FEATURE — Somewhere between almost moving to Denver and my father-in-law dying, I agreed to a dog. A puppy to be specific. A beautiful, fluffy, brown-eyed boy formerly named “pup.”
I should have known better. I’d seen my mom succumb to something similar shortly after my childhood home burned to the ground in a hot and windy Southern California wildfire.
Emotional traumas will wear down a mom’s sense like that.
Puppies, along with their soul-penetrating eyes and sweet puppy breath, should come with warning labels: Do not come within 15 feet if you have recently 1) suffered a loss, or 2) had a major life event.
I am a cautionary tale for those who do not heed. Now I am waking up at 3:27 a.m. to let out said darling puppy and smuggling him into family reunion destinations that do not technically allow dogs.
My husband and boys had been lobbying for five solid months for a dog. This particular effort was different from previous ones because my husband was a party to it. He, like me, had been set against a furry pet.
Why? We travel too much. I’m allergic to fur and dander. We have enough crazy energy in our house with three boys.
And besides, our track record of previous, lesser pet ownership was not exactly stellar. I’ll spare you a complete list of our failures, but when you can’t even manage a beta fish (overfed by a loving toddler until he exploded – the fish, not the toddler), we argued pretty convincingly that enough was enough.
Plus, there was the whole my-husband-got-slightly-maimed-by-a-dog-when-he-was-a-child thing.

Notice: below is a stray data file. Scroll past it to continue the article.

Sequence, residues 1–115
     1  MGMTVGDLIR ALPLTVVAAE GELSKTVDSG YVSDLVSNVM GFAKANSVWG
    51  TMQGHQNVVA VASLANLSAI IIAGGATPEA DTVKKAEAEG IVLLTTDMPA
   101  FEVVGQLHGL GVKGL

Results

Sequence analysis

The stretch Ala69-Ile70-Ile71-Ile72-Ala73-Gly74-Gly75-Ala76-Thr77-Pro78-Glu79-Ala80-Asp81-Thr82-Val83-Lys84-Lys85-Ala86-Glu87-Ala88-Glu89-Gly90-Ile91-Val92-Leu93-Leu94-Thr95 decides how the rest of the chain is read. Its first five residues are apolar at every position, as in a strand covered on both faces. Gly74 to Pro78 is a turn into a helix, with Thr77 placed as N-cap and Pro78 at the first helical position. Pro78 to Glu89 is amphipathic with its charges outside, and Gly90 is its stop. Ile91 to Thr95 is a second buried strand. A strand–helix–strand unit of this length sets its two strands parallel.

But then my biggest ally turned on me and got pro-dog. In spite of the above evidence.
What did it? A dream. He woke up with an overwhelming and unshakable feeling that our boys needed the unconditional love of a dog.
I fought against this new revelation, knowing that even if that were true (and it probably was because he’s a spiritual dude), it would still mean more work for me as the primary caregiver. I can emphatically say that I don’t need any more of that.
No matter how much my boys swore they’d do it, I knew I’d be picking up poop every day along with all of the kid carpools. Not to mention the new duties of bathing, walking, training and vigilant shoe protection.
And the poop. Did I already say poop? Because sometimes I’m still scrubbing that out of boys’ underwear, and I can firmly attest to being over it. In all its forms.
But after my husband turned down the dreamy job in Denver because it wasn’t best for our family and we unexpectedly lost his dad, I had to reconsider that dog dream. Maybe our old pet history was history, and we really did need that unabashed, chase-your-tail-til-you’re-dizzy energy in our family to balance out some of the hard stuff.
Even if we travel. And even if I am allergic to most animals.
Two days after he declined the new job, and a week after his father’s passing, my husband found himself sitting in a dog pen, wearing a suit and tie, supine before the doodle dog gods. Within seconds, a brindled pup walked over to his right foot and started licking his ankle.
That’s all it took. He knew this was the dog he’d dreamt about. This was the dog for our family.
The rest of the family was just as easily smitten days later when we met the pup who’d chosen my husband. Especially me.
Who was this woman, and what had she done to the sensible mother of three boys? Whoever she was, she was now leading the brainstorming session of names for our new addition as we drove up Provo Canyon to the Heber City Cemetery to visit our fresh family grave.
In the last hours of his life, my father-in-law only talked about the things that mattered most to him: his family, nature, visiting Jerusalem and his childhood dog, Ring.
I can’t help but wonder if, in 75 years, when it’s my boys’ time to leave this earth, they’ll be thinking of their dog, Albus, and all the joy he brought to their lives.
And I’ll be glad I didn’t heed that puppy warning after all. Who am I kidding? I already am.
Kat Dayton is a columnist for St. George News. Any opinions given are her own and not representative of St. George News.
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